Mason and Hamlin BB - 91640
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#1696043 - 06/15/11 12:17 PM Re: Beethoven - 1st Movement, Sonata Opus 27 No. 2 ("Moonlight") [Re: ando]  
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Originally Posted by ando
The plot thickens...

So Carey, it would appear that you have come up with a strong challenge to the theory of Andras Schiff. I wonder what he would do if you informed him of this? He seems to be very convinced that Beethoven's instructions should be obeyed. Therefore, if what you are saying is correct and he has misunderstood the "sordino" instructions, he should abandon his interpretation immediately. Perhaps it is meant to be like your "Grandmother" would play it after all...


Just to clarify.....the response was not my own. I apologize if anyone thought it was. I found it here (and have absolutely no information about the individual who posted it)...

http://www.abrsm.org/forum/lofiversion/index.php/t40175.html

Does seem plausible to me, however. cool

Last edited by carey; 06/15/11 12:18 PM.

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#1696052 - 06/15/11 12:30 PM Re: Beethoven - 1st Movement, Sonata Opus 27 No. 2 ("Moonlight") [Re: Carey]  
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I just can't see how one can play with delicacy and at the same time all blurry with pedal the way Schiff does.


#1696093 - 06/15/11 01:31 PM Re: Beethoven - 1st Movement, Sonata Opus 27 No. 2 ("Moonlight") [Re: LisztAddict]  
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Originally Posted by LisztAddict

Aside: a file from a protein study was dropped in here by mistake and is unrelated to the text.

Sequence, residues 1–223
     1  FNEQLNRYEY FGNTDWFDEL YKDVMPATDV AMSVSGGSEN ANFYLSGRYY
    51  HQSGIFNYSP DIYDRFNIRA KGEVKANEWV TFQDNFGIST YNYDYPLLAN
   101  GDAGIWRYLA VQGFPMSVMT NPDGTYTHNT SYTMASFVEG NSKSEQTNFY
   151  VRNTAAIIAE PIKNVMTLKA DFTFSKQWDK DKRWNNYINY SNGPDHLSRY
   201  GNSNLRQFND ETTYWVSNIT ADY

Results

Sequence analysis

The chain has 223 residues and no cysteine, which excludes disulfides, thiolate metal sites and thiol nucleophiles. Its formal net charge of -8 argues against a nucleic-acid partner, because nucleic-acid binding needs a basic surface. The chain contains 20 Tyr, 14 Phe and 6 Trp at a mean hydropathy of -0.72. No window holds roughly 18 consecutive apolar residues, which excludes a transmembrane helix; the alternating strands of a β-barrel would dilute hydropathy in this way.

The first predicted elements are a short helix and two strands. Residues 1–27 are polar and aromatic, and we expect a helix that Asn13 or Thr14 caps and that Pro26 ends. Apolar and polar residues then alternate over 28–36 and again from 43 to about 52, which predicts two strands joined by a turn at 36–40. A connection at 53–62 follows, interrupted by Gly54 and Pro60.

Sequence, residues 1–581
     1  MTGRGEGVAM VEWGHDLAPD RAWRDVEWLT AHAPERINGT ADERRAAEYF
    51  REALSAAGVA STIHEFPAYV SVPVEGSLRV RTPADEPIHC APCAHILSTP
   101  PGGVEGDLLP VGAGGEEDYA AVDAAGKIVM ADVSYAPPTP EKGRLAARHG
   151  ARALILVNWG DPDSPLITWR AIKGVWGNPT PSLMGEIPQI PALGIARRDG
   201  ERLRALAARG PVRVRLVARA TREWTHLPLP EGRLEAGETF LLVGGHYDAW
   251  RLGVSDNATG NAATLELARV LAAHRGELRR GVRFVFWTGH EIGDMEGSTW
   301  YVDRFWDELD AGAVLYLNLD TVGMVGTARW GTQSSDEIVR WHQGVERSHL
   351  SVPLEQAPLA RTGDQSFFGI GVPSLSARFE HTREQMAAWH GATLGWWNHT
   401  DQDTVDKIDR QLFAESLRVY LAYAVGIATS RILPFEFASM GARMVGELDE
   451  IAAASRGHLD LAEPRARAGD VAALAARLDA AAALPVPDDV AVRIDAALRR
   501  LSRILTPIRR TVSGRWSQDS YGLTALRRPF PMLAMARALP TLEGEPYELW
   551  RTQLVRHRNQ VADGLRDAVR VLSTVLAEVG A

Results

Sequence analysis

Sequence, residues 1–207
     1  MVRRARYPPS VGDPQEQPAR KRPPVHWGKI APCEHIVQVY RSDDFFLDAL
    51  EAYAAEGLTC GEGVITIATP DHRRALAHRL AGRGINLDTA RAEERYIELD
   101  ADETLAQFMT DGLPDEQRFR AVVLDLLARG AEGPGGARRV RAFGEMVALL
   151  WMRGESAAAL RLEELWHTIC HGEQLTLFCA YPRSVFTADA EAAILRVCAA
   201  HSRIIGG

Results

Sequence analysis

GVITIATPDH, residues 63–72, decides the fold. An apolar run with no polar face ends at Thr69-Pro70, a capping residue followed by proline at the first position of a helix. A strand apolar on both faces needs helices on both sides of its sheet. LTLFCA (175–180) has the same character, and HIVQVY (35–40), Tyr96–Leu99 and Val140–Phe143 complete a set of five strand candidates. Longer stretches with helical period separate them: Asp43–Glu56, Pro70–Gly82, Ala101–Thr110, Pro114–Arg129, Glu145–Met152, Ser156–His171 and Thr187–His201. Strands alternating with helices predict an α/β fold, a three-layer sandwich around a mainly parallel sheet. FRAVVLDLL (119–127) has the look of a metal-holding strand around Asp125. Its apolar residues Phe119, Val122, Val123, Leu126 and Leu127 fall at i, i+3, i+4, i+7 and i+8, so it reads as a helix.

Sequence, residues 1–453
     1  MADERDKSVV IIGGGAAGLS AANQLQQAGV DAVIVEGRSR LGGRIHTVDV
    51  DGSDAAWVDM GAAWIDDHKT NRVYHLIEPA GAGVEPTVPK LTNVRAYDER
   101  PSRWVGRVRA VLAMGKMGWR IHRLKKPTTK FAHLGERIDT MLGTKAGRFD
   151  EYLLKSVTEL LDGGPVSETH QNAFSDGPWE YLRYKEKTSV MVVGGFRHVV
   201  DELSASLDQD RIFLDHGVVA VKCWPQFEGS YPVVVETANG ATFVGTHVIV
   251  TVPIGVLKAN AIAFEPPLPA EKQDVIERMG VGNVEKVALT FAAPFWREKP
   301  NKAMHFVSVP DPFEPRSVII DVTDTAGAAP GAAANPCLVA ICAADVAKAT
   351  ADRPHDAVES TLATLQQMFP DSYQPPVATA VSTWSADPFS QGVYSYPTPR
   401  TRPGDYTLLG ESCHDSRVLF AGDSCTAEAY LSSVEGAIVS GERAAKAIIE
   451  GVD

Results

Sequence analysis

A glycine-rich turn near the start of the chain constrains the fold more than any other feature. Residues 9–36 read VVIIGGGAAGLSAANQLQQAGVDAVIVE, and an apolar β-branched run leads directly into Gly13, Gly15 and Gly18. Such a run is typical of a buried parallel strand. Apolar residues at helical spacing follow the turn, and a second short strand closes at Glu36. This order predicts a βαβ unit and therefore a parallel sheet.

I just can't see how one can play with delicacy and at the same time all blurry with pedal the way Schiff does.



I agree !!


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#1716086 - 07/19/11 01:12 AM Re: Beethoven - 1st Movement, Sonata Opus 27 No. 2 ("Moonlight") [Re: Carey]  
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Beautiful played, i enjoy it so much

#1723909 - 07/31/11 07:01 AM Re: Beethoven - 1st Movement, Sonata Opus 27 No. 2 ("Moonlight") [Re: Carey]  
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I actually enjoyed the brisk tempo! It gives a feeling of unrestfulness, yet still tranquil(l). I tend play this piece with a subtle feeling of agitation also, i think it compliments the third movement better. I especially admire how you manage to play the upper voice cantabile whilst keeping the accompianiment in the background separate without making it sound like octaves; quite a difficulty for me, that was!


All theory, dear friend, is grey, but the golden tree of life springs ever green.
#1723910 - 07/31/11 07:06 AM Re: Beethoven - 1st Movement, Sonata Opus 27 No. 2 ("Moonlight") [Re: Carey]  
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Originally Posted by carey
Originally Posted by feebeeliszt
I agree a bit slower is better. But I still enjoyed it wink


And I enjoyed your wonderful playing of the Ravel !! Hope the exams are going well. I look forward to hearing your next recording of the "Jeux d'eau."